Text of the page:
The Engine Shed Society specialises in the subject of Motive Power Depots.

The Society for people interested in sites which are, or have been, used for the construction, maintenance or stabling of rail transport.

About


The Engine Shed Society specialises in the interests of enthusiasts for all  aspects of sheds and related structures.

Our scope covers those places which are, or have been used, for the construction, maintenance or stabling of any rail borne transport.  We are interested in the current scene, historical and heritage matters. This remit includes the provision of the transport service as well as the infrastructure.

Members receive a quarterly journal LINK, access to the Society's archive of photographs, plans, maps and site records, and can attend an annual meeting which often features a location not normally open to the public.

In its early days the ESS focused primarily, but not exclusively, on the then neglected task of recording the fate of the former steam sheds of BR and its predecessors. A great deal has been achieved and documented in our journal LINK. The Society’s interests are now broader and include depot operations, public and private, as well as infrastructure for all types of rail traction. There is always more that can be recorded of these aspects of the current scene, or shared from personal historical records. We invite, and do our best to support, the participation of members in presenting information about the places which support rail borne transport.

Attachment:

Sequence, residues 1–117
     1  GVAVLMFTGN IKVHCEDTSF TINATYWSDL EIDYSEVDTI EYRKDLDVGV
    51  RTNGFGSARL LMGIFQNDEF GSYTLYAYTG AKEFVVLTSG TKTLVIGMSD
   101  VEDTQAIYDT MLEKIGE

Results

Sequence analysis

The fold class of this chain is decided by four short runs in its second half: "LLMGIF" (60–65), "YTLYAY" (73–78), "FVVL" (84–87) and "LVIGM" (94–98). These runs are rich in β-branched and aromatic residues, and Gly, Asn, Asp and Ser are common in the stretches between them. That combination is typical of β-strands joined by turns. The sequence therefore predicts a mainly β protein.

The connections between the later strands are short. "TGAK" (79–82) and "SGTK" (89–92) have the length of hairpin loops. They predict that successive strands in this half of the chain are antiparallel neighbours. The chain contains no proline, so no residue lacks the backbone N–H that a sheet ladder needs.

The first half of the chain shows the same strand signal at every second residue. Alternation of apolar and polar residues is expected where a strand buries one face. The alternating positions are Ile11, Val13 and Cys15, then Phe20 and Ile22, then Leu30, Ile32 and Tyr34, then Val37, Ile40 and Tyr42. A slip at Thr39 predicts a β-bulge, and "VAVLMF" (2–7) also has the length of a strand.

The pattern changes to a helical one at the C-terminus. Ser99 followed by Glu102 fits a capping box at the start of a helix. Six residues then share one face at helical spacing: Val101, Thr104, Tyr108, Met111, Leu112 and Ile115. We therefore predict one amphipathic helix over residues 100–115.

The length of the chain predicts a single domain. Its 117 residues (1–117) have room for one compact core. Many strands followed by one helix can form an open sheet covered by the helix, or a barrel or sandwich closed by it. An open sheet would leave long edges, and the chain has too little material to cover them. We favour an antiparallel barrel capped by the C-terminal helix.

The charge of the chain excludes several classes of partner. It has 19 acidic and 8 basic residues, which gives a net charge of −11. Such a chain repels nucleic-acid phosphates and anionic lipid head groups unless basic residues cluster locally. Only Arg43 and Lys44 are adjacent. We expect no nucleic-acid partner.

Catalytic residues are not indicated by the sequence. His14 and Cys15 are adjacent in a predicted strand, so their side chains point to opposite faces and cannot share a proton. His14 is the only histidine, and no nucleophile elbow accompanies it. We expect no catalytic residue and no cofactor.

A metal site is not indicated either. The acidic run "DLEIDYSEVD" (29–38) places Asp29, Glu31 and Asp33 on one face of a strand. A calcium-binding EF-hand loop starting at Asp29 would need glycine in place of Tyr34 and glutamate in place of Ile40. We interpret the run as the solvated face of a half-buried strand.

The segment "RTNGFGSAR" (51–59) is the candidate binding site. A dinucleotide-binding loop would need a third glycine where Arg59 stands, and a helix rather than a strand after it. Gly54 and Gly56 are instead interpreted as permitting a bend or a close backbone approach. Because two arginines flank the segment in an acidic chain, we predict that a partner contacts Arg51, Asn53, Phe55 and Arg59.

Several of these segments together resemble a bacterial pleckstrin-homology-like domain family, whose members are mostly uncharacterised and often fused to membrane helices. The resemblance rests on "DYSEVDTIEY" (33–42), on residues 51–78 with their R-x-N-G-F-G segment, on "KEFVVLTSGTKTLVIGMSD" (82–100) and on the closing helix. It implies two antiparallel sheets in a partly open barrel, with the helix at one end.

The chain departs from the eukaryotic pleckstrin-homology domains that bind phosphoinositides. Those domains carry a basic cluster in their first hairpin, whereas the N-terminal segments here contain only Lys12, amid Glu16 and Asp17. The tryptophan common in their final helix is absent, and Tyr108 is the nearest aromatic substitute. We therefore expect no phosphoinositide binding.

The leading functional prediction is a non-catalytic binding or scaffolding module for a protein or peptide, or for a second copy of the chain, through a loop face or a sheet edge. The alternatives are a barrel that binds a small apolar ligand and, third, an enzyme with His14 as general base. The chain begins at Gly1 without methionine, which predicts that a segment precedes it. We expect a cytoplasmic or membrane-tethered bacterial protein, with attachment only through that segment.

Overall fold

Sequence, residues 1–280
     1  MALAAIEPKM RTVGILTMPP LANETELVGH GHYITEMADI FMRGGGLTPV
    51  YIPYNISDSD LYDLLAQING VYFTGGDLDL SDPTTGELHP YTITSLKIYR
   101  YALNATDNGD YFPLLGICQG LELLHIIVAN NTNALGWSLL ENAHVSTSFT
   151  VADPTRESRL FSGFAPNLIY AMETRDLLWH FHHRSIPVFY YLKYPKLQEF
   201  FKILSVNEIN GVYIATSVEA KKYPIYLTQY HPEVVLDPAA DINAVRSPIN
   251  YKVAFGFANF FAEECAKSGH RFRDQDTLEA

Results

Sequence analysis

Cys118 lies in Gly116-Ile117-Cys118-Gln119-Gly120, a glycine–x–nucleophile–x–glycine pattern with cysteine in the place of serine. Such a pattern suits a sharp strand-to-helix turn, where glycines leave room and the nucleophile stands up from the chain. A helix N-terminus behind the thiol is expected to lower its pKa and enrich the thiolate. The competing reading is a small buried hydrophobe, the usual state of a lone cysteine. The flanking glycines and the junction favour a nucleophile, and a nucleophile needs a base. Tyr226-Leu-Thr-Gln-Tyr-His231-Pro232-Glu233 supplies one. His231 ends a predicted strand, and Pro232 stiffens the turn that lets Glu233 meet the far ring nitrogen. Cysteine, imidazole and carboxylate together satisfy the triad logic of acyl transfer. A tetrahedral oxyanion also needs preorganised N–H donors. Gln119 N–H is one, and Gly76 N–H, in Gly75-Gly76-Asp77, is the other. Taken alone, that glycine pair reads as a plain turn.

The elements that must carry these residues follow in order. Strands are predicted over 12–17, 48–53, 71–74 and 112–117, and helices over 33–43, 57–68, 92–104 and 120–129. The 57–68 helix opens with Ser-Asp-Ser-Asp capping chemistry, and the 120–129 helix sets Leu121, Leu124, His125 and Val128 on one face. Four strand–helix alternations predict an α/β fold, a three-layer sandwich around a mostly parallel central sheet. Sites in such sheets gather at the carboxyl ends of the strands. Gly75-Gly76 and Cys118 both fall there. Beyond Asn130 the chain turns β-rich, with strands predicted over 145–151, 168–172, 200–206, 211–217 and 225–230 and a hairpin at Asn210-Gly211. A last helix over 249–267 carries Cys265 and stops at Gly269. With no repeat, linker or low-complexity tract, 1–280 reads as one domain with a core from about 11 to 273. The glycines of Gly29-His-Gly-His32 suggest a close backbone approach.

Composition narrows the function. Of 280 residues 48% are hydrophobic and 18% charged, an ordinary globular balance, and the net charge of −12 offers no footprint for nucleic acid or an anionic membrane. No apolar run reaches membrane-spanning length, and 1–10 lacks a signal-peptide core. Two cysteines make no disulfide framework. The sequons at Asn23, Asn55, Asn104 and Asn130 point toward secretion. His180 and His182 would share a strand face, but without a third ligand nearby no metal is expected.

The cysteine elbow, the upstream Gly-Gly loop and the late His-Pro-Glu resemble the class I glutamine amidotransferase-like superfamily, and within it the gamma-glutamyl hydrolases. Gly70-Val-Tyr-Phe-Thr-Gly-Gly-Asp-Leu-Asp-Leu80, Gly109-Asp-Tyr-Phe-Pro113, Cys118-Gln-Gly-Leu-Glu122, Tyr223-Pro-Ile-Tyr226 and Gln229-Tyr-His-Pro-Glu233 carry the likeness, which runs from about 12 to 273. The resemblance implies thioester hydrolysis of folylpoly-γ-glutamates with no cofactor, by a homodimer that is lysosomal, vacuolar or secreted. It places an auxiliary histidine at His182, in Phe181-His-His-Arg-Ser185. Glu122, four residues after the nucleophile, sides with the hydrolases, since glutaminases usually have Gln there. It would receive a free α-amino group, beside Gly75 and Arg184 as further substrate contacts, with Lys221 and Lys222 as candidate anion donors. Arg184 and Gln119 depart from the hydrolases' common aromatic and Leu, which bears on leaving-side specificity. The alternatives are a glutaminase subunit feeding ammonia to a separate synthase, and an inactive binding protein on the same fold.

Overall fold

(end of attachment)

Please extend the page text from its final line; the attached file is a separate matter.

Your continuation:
Membership benefits


LINK quarterly magazine

LINK includes well researched historical articles, news of shed sites, and a balance between steam, diesel, electric and other forms of traction throughout the UK (and occasionally overseas).

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Annual General Meeting

The annual meeting often includes a site visit to a facility not normally open to the public.

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ESS Archive

An active archive is available to members and holds photographic collections, maps, plans and other artefacts.

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Access to members' knowledge

Engine Shed Society members include experts in many aspects of this field, including published authors and those who have contributed to the body of knowledge by, for example, exploring sites, research into particular sheds or aspects of shed operation. Members are usually happy to share information and LINK provides a mechanism for asking questions.

Contact the Secretary


  • 36 Kevington Drive, St Paul's Cray, Orpington, BR5 2NU.